“The HP Envy Move is the portable PC you never knew you needed.”
- Well-designed portability
- Solid build quality
- Display is touch-enabled
- Runs on battery
- Mediocre performance
- Average display
- Keyboard is fatiguing
HP hasn’t shied away from experimentation these days, most notably with the Spectre Foldable PC.
The Envy Move isn’t quite as flashy, but it’s no less adventurous. It’s an all-in-one PC, meaning the guts of the PC are packed inside the display enclosure or in its base. The Envy Move takes it one step further, designed to be particularly easy to carry around. Thanks to the battery inside, it functions like a portable desktop. It’s a neat idea, but unfortunately, the performance and display give it a questionable overall value.
|Intel Core i3-1315U or Core i5-1355U
|Intel Iris Xe
|8GB or 16GB
|Up to 1TB SSD
|23.8-inch 16:9 QHD (2560 x 1440) IPS, 60Hz
|Dual 5-watt B&O speakers
|5MP IR camera with manual shutter
|1x USB 3.2 Type-A, 1x USB 3.2 Type-C, 1x HDMI 1.4b (upstream)
|WiFi 6 or WiFi 6E, Bluetooth 5.2 or 5.3
The Envy Move starts at $900 (currently on sale for $750) for a Core i3-1315U CPU, 8GB of RAM, a 256GB SSD, and a 23.8-inch IPS display. The high-end configuration is $1,210 ($1,060 on sale) for a Core i5-1355U, 16GB of RAM, and a 1TB SSD. There are no discrete GPU options, with integrated Intel Iris Xe in all configurations.
Those prices are attractive for an AiO, particularly on sale. Throw in the unique design, and you’d think this was a rather good deal. But there are some serious compromises involved, particularly in terms of the performance and display.
A few features highlight the Envy Move’s portable design. First is its weight, which comes in at 9 pounds for the AiO itself. That’s not a huge advantage, being only 2.5 pounds lighter than HP’s AiO 24, a more mainstream machine with the same 23.8-inch display size. It’s certainly no laptop, for that matter.
Even so, the Envy Move is just light enough to be manageable lugging it from place to place.
At the same time, the Envy Move also has a handle on top and a pocket in the back for holding the bundled keyboard. Place the keyboard in the pocket, grab the handle, lift the AiO off a desk, and the feet swivel toward the center where they’re out of the way.
Place it back on a flat surface and the feet swivel outward while the entire enclosure leans back at a more comfortable angle. Grab the keyboard from the pocket, and you’re ready to work. It’s a clever design overall that makes the Envy Move easier to, well, move around.
I imagine the design will be most attractive to hybrid workers without a dedicated home office or ones who want more flexibility and a laptop doesn’t provide enough screen real estate. HP talks about various other uses around the home, such as moving the PC from a family room to an exercise room. In theory, those are interesting uses and make the Envy Move a viable proposition. And in a real twist on the AiO PC, the Envy Move has a battery, so you can carry it around the house without dragging the power adapter with you.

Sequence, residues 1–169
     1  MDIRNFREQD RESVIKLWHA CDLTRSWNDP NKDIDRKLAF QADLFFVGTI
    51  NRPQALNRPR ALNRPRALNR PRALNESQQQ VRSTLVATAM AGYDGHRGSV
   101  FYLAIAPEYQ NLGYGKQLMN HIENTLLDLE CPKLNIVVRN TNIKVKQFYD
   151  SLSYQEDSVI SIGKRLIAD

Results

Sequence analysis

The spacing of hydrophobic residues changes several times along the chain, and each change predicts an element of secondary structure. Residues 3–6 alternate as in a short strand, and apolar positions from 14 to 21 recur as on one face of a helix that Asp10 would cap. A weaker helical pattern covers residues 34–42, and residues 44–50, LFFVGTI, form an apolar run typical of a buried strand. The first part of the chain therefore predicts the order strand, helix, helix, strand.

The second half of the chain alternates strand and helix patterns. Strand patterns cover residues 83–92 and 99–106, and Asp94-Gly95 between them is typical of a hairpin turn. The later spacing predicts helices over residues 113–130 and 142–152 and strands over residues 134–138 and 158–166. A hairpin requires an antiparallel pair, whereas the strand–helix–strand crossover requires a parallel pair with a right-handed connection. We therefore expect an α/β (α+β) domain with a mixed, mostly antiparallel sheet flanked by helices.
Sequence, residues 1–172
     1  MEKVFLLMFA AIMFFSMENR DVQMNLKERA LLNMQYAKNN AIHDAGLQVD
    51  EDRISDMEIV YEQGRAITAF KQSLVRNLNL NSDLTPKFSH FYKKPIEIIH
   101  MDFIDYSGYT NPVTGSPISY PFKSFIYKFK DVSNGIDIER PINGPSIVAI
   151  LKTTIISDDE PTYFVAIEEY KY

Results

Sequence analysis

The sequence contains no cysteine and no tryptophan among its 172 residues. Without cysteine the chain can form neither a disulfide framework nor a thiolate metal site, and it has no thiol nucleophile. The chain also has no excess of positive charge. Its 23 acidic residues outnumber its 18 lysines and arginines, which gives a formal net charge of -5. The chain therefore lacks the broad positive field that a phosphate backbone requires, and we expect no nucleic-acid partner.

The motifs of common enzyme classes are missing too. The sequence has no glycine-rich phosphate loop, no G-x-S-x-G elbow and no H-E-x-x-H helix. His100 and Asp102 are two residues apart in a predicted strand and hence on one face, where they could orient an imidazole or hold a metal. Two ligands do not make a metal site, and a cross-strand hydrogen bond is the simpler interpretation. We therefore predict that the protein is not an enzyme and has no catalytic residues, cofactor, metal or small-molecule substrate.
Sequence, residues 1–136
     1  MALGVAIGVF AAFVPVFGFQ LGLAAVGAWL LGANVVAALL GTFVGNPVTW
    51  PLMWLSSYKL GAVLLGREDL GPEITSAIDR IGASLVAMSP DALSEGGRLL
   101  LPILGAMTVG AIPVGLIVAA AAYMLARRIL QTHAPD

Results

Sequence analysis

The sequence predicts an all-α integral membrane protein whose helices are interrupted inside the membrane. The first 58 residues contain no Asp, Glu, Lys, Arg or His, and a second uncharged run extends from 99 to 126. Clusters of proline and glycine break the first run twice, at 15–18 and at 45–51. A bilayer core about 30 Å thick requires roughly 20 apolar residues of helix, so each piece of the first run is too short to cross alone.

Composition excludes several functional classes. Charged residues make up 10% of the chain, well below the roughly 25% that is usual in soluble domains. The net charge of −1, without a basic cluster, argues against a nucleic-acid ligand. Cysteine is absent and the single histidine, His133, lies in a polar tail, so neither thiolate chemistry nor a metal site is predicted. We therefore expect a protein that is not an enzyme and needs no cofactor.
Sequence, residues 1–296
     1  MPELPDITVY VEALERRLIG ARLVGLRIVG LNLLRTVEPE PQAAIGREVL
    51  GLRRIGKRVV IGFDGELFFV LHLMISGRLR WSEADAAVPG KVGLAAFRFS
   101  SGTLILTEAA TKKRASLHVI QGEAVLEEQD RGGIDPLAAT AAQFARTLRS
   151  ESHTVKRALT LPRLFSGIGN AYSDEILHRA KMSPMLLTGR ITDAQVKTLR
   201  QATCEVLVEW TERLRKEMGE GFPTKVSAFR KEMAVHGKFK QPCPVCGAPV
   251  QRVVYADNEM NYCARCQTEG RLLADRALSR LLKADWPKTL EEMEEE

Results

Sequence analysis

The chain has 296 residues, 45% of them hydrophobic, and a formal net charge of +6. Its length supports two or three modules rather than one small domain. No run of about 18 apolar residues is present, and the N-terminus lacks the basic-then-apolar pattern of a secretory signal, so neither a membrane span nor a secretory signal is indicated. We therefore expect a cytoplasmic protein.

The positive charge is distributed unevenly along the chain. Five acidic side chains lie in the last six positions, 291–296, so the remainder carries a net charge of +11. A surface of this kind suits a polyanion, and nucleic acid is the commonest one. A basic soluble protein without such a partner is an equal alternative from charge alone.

Certainly, it feels well-built, which is a necessity for an AiO that’s meant to be carted around. It’s made of plastic all around but still feels rigid enough. Other AiOs have a more distinctive style, epitomized by the Lenovo Yoga AiO 9i, which is quite futuristic, and the Apple iMac, which has that company’s typical elegant aesthetic.
As mentioned, HP bundles a keyboard that fits into the pocket on the back of the Envy Move. The keyboard includes a touchpad, so you don’t have to carry a mouse around. I found the typing feel to be just okay, with enough key spacing to be comfortable and switches that are deep but not terribly precise.
The bottoming-out action was abrupt, and the switches didn’t have a lot of snappiness. Also, the keyboard isn’t angled enough for me, and I found it fatiguing over time. I tend to like HP’s keyboards, so this was a bit of a disappointment.
The touchpad was also just fine, although I’ve never been fond of its placement to the right of the keyboard. Of course, you’re not limited to using the included keyboard and touchpad combo. Any number of third-party options could fit into the pocket if that’s important to you. The Envy Move’s display is touch-enabled, which is always welcome on an AiO.
Connectivity is limited for a desktop, with single USB-C and USB-A ports and an upstream-only HDMI port that allows you to use the display with another PC. There’s no external audio jack, meaning you’re limited to the built-in speakers or Bluetooth audio. HP clearly doesn’t want you to unplug speakers and carry them around. Wireless connectivity is up-to-date if you select the right configuration, and unlike many desktop PCs, there’s no Ethernet jack.
The webcam is a 5MP version that provides excellent video quality, and an infrared camera makes logging in a breeze via Windows 11 Hello facial recognition.